No two households are the same — it's part of what make House Tours endlessly entertaining. Still, there are some universal truths to life at home. So whether you're an avid cook living in an apartment, a raw vegan living in a rural tiny house, or a DIY aficionado living in a bungalow, your home will benefit from having these 10 essentials.
Most of the items on this list are practical, but a few lean toward comfort and aethestics. Why not? After all, your home should be as pleasant as it is functional.
An emergency light source. Keep a flashlight, candles and matches, or a Candela easily accessible (and charged, as the case may be). I hope you never need this, but if you do, you'll be greatly relieved to have it.
Towels. You may be an extreme minimalist who showers at the gym, but everyone needs towels at home. At the very least, two bathroom towels and two kitchen towels.
Basic utensils. A fork, a knife, a spoon. Even if you've never cooked in your life, you may hate the cheap knives that come with your delivery food or may forget a fork for your take-out salad.
A small toolset. A hammer, a flat-head screwdriver, a phillips head screwdriver, and pliers will suffice. You may not believe me, but you'll end up using it — to stop a running toilet, hang a picture, pry open a paint can, etc.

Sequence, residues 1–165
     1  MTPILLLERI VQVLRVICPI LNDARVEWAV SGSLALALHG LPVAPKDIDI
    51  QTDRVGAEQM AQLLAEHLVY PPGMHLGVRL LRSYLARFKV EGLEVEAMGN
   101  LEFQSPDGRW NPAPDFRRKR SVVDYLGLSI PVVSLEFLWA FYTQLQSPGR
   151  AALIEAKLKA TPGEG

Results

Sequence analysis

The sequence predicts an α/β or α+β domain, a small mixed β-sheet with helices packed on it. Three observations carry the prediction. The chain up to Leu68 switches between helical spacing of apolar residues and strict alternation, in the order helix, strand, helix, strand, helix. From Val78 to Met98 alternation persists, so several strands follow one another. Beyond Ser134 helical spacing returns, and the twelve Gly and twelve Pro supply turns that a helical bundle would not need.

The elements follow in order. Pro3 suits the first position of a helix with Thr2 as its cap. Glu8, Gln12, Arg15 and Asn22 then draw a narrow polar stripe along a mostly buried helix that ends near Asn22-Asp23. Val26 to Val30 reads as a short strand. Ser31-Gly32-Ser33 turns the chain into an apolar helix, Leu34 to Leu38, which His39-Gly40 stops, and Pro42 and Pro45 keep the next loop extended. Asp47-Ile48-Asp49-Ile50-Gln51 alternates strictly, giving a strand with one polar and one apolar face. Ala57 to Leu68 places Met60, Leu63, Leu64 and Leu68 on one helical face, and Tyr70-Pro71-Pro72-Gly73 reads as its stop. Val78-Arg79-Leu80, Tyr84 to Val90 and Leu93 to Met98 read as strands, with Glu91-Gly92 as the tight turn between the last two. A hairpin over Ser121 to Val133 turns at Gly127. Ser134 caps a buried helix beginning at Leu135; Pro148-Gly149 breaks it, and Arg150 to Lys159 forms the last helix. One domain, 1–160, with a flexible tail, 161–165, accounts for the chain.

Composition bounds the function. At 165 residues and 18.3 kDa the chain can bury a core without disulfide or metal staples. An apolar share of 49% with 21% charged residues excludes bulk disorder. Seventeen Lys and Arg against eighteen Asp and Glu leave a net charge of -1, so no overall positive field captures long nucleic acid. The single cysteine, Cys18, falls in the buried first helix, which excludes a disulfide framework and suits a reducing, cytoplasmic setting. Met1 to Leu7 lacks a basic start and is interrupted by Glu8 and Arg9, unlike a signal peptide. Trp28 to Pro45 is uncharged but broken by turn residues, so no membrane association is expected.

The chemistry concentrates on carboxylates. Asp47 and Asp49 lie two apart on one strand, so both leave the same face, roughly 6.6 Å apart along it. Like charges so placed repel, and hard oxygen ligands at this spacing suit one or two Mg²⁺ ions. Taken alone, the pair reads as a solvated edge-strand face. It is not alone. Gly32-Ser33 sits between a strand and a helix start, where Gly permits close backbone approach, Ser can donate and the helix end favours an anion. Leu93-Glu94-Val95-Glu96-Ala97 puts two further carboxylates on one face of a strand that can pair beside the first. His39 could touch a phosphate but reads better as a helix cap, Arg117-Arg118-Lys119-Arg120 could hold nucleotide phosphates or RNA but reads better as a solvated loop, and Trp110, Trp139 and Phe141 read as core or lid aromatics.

Bedding. A necessity, of course. And, if you're over the age of 20 and are still sleeping on your sheets from grade school, you need new bedding.
A small cleaning kit. Spills and mistakes happen, even if you have a cleaning lady. Your kit may contain only Dr. Bronner's and a sponge, but you'll use it at some point (hopefully regularly, to keep your place nice and clean).
An extra set of keys. Years ago, I gave a spare set of keys to my brother. I've only needed to call him for them once, but it was a huge relief. Alternately, if you're forever misplacing things, you can keep an extra set by the door. Use it on days that you really can't find your primary keys.
Art. When we were dating, my husband lived for a year in an apartment with beige walls and no art anywhere. It was not cool and minimal — it was sad and depressing. (He now admits this himself.) Frame a sentimental postcard, buy a reprint of a favorite painting, browse Etsy or local art fairs — just get something on the walls to make your home more warm and personal.
A comfy place to sit. Have one place you can cozy up for long phone calls, read books, have a good cry, or just stare at the wall. After all, your home is your sanctuary from the world.
One thing you really love. A framed drawing by your niece. A vase from your sweetie. A memento from a favorite vacation. Display one item that brings you joy, no matter how often you see it.
Kathleen is a freelance editor who lives in Chicago. She loves eclectic rooms, traveling with her family, and feeding anyone who steps foot in her house. She theoretically hates clutter, but can’t stop buying books and craft supplies.
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